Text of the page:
Java 1.5

I started reading Java 1.5 Tiger: A Developer's Notebook on Safari a few days ago.  Java 1.5 is the next iteration of the Java language - it's about as radical a change to Java as C# 2.0 is, adding some of the same stuff (Generics) and some stuff that C# already has (Attributes), as well as adding some brand new stuff (like being able to override a method and change only the return type).

I use to think that Java was the 'purist' language and C# was the 'pragmatist' language - I think I got that idea from the way that Java forces you to catch exceptions, while C# doesn't force you to (or even warn you that you're not catching them). 

However, I recently got burned by Java when I wrote an application that, as part of it's operation, occasionally needed to send email, and when I deployed the application, I forgot to include one of the jars that the mail support needed (a .jar file is a collection of classes, similar to a .NET assembly).  Nothing warned me that I was missing a jar - so the application ran fine until it needed to send an email, at which point it would throw a ClassDefNotFound exception and restart. 

Java has a much less rich standard framework than .NET does, so I've found Java programming to be a frustrating game of 'hunt the jar'.  Missing a jar upon deployment seems like it would be a common thing to do. 

Anyway, Java 1.5 adds some new stuff, but the design of some of this new stuff seems inelegant.  For example, here's the C# syntax for the langauge construct that lets you iterate through the items in a collection:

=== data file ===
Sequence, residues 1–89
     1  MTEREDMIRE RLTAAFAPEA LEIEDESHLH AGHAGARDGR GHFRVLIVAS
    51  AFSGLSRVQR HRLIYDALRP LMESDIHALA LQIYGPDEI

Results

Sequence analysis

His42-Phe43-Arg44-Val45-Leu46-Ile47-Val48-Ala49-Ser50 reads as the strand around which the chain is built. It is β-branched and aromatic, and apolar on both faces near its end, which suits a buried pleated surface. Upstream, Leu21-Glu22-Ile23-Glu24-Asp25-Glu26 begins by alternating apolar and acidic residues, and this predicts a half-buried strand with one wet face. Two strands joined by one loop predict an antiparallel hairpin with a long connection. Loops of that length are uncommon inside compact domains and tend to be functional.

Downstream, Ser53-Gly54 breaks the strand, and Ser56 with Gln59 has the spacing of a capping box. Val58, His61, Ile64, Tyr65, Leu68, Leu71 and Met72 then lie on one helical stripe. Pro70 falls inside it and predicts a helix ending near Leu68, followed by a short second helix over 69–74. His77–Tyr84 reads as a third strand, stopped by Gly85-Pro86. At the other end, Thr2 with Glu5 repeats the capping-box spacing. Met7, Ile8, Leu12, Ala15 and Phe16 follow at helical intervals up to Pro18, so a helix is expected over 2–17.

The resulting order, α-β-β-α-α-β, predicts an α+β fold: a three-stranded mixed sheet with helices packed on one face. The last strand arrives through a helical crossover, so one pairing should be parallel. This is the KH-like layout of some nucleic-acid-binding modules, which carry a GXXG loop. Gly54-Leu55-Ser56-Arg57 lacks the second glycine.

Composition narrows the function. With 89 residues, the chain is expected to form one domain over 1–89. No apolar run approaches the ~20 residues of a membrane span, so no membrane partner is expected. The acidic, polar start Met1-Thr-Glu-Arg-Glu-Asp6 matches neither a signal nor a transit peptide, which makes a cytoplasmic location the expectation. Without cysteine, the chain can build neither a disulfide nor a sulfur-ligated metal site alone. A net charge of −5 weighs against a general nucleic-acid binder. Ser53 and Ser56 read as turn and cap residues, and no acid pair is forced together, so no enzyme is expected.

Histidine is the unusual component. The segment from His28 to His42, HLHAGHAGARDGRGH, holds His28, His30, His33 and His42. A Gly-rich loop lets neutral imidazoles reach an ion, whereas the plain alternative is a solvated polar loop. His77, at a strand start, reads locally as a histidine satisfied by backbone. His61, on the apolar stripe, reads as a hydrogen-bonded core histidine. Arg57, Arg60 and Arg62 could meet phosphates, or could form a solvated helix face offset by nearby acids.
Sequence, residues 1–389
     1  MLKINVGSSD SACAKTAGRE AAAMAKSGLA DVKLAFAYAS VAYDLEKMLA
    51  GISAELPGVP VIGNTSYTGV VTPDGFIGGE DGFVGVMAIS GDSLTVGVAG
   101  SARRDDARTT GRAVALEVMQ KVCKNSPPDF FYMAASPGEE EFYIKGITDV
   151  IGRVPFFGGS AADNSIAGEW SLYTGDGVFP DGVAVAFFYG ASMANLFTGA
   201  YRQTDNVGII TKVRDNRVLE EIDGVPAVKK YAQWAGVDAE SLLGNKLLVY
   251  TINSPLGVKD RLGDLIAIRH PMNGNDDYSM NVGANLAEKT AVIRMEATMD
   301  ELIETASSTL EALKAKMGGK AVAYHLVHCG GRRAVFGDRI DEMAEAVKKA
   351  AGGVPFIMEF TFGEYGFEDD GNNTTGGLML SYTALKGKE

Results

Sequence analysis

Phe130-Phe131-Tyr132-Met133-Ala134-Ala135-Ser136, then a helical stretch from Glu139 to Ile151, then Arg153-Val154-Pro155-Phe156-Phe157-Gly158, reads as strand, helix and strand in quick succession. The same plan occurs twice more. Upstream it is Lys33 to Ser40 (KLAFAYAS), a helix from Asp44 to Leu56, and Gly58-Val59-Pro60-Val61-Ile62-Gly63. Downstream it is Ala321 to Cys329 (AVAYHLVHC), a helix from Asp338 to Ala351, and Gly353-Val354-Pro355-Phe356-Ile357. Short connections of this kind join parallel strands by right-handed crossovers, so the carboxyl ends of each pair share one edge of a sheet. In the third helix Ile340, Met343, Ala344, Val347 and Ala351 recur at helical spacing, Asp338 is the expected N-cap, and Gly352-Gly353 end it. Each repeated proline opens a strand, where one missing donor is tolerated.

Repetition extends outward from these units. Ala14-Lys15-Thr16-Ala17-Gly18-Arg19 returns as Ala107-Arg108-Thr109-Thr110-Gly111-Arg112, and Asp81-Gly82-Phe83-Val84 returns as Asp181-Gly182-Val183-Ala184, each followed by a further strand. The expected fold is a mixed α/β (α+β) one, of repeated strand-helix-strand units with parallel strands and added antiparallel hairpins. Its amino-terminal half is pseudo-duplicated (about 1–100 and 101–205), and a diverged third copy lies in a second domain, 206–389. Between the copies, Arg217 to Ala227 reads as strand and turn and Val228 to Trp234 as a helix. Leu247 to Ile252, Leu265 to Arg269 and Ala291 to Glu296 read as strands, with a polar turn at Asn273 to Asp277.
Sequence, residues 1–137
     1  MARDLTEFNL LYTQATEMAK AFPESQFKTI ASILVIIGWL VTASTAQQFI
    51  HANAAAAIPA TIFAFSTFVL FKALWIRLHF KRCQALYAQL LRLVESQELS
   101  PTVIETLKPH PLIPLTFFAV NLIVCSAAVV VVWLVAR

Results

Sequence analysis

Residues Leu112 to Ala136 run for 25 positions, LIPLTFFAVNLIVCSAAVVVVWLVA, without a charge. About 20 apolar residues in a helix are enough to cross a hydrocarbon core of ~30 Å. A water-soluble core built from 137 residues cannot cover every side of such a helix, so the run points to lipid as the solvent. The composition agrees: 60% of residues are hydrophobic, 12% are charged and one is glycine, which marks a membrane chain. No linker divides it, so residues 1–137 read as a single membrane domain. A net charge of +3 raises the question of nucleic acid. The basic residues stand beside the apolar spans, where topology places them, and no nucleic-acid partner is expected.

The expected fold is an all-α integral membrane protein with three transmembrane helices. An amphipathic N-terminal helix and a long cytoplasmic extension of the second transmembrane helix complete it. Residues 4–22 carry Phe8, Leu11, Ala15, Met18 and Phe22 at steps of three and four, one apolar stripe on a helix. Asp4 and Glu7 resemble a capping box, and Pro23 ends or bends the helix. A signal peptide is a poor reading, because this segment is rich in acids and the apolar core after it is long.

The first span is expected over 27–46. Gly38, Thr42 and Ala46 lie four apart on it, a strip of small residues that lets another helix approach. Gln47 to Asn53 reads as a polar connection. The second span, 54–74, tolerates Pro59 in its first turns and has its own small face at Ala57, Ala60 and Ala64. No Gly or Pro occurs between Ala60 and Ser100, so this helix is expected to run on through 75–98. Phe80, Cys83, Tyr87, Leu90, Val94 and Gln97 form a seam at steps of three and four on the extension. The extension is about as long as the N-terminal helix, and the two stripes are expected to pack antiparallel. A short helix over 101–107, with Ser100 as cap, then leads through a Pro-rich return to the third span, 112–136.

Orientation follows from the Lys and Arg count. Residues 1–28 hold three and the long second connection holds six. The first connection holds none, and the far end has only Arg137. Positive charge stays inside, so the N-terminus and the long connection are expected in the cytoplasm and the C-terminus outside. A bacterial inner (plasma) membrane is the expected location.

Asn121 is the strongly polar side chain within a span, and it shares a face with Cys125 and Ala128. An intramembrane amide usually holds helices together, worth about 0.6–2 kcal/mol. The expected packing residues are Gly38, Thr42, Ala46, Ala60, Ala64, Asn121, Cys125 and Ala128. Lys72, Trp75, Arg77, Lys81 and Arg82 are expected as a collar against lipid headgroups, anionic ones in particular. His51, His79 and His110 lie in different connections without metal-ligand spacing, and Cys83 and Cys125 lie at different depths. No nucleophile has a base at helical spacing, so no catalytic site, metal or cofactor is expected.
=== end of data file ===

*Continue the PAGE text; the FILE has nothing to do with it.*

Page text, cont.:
foreach (Item i in myCollection)

Here's the Java 1.5 version:

  for (Item i : myCollection)

The C# version is, in my opinion, a better design.  Personal preference I guess.

Another thing that seems less clean is the new StringBuilder class, which is an exact copy of the StringBuffer class, but not thread safe.  If you want a faster StringBuffer, use StringBuilder - you can even search/replace the name, because the interface is identical.  But doesn't creating a new class just to change an implementation detail seem wrong? 

Their new syntax for specifing sprintf style formatting is bizarre too.  It's a lot like sprintf, which is good for C programmers, but it doesn't seem to let you specify argument position other than to say 'reuse the previous position'.   So you can say:

  formatter.format(“%s's name is %<s.  He is a %s.”, “Woofy”, “Collie”);

The C# syntax for this would be “{0}'s name is {0}”.  Less C-like but much more useful because now you can do something like this:

  string.Format(“{0}'s name is {0}.  He is a {1}.“, “Woofy”, “Collie”);

  string.Format(“My {1}'s name is {0}.“, “Woofy”, “Collie”);

By changing the format string you can change the position that the arguments are drawn from.  This is incredibly useful in internationalization, because in another language, the order of the arguments will often need to be different.  It looks like with Java 1.5 you'll need to find another way of doing string formatting if your source strings are going to be translated.

The difference in the implementation between generics in Java 1.5 and C# 2.0 has been covered well elsewhere so I won't do that here, but it's worth reading.  That's biased of course, since it's by Anders Hejlsberg, the designer of C#.

There are plenty of other good language features in Java 1.5 - boxing and unboxing of native types for example - so it seems like a good upgrade for Java programmers, but I don't see anything that C# 2.0 doesn't already cover.  The languages are still close enough that it won't be language features that makes you choose between Java and .NET.